Home and Away football tournament raises funds, awareness of plight of Hong Kong’s refugees, asylum seekers
Sixteen local football teams made of refugees, asylum seekers, NGO volunteers and corporate workers kicked off a charity tournament yesterday in King’s Park to raise awareness and funds for local charity Branches of Hope.
The Home and Away tournament winners, My Medicare & Turtles, were composed of players from the general public.
Players for The Vine All Stars, Arise United and United FC are mainly refugees and asylum seekers. The team Stop Trafficking of People are volunteers from Branches of Hope. Another four teams are mostly made up of investment bankers and law-firm workers.
“We could all be refugees at some point, we should accept everyone as human,” said Assan , who doesn't want to reveal his full name, captain of the The Vine All Stars.
The tournament, organised by Branches of Hope, which works with the vulnerable and marginalised in Hong Kong, is the fifth since 2014 and the first in four years because of the pandemic and difficulties in finding a venue.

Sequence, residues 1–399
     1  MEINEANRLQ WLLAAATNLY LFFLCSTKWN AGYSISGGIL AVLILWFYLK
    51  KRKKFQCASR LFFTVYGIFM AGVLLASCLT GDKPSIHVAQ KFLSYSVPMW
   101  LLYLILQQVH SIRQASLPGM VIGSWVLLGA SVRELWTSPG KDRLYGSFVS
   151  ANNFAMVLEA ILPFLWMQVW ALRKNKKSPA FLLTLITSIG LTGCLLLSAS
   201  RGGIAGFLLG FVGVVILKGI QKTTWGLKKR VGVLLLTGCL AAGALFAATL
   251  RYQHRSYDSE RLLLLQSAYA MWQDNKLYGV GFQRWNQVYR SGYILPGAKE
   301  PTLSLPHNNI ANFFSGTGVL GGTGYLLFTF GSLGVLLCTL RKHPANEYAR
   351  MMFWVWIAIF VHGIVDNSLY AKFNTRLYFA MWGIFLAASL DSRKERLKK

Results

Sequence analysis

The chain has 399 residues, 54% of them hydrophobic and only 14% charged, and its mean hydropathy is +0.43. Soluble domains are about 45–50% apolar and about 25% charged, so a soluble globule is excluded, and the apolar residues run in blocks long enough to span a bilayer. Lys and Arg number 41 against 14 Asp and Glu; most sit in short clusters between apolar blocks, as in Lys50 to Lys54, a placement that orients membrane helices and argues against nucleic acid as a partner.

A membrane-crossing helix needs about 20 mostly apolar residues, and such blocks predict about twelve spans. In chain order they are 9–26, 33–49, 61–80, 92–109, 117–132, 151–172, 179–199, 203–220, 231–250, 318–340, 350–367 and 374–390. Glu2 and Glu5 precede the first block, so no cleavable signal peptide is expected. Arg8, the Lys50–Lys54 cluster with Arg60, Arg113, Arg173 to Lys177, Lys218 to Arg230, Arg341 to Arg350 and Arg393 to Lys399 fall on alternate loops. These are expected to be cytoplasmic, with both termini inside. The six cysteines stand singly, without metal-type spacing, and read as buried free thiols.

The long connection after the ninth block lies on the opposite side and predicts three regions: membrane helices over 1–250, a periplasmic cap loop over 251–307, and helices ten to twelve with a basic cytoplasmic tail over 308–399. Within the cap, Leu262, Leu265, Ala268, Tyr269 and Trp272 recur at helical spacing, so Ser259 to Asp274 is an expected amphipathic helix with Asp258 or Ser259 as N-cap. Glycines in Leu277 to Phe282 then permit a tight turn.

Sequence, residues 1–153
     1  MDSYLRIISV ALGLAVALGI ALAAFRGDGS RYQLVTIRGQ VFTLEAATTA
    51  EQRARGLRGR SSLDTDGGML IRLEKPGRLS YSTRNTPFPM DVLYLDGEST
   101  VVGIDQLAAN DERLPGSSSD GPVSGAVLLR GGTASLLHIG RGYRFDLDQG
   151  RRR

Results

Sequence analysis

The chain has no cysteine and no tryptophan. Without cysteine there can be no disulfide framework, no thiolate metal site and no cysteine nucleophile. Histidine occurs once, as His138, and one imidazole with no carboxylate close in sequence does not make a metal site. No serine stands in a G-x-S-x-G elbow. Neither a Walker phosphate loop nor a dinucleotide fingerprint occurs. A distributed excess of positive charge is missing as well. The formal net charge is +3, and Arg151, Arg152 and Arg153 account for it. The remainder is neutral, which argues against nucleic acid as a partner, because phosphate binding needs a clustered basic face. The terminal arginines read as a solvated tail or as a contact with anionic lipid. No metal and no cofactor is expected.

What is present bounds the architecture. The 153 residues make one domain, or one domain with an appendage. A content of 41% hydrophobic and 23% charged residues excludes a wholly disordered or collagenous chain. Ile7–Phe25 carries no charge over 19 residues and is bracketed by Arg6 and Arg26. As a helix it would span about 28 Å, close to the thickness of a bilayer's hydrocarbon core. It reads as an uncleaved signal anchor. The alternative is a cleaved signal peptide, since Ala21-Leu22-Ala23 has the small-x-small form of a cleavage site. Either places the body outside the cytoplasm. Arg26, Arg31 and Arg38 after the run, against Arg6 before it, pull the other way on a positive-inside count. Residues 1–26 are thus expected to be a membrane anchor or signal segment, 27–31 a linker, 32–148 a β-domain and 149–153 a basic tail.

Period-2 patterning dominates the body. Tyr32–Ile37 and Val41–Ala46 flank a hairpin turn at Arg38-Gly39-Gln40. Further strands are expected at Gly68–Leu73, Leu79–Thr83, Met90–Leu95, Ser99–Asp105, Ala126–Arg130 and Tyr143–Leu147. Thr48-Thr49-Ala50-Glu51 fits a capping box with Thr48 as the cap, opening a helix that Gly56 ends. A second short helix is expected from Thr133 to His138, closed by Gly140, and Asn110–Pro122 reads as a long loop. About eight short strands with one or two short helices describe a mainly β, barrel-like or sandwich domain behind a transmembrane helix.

The tournament has so far raised HK$150,000, which will mostly go to refugees and asylum seekers to subsidize their education and rent allowance. Teams from the public were required to raise a minimum of HK$6,000 to participate.
“The support by the government is insufficient. We need to live properly too, with good accommodation and shelter,” said Ousman, who doesn't want to reveal his full name ,player for The Vine All Stars.
“Lack of opportunities, lack of rights: they’re being denied the rights to flourish and that motivates me to remove all these barriers for them to grow,” said Aman Yee, Executive Director of Branches of Hope.
Hong Kong is not a signatory to the 1951 Convention relating to the Status of Refugees, and has no legal framework governing the granting of asylum. The Hong Kong government took over the screening process from the United Nations High Commissioner for Refugees in 2014, the UN refugee agency that used to handle claims, and the local government now manages all applications.
Over the last 12 years, only around 1% of asylum seekers have had their applications accepted in Hong Kong (compared to the global average of about 34%). The most recent count for the number of claimants stands at 13,000 in Hong Kong.
Nicole Parvis, 10, volunteered at the match with her mother, Lindsey. “Remember that no matter what their story is or where they come from, you should always have to be kind to people and be their friends,” Parvis said.
《The Young Reporter》
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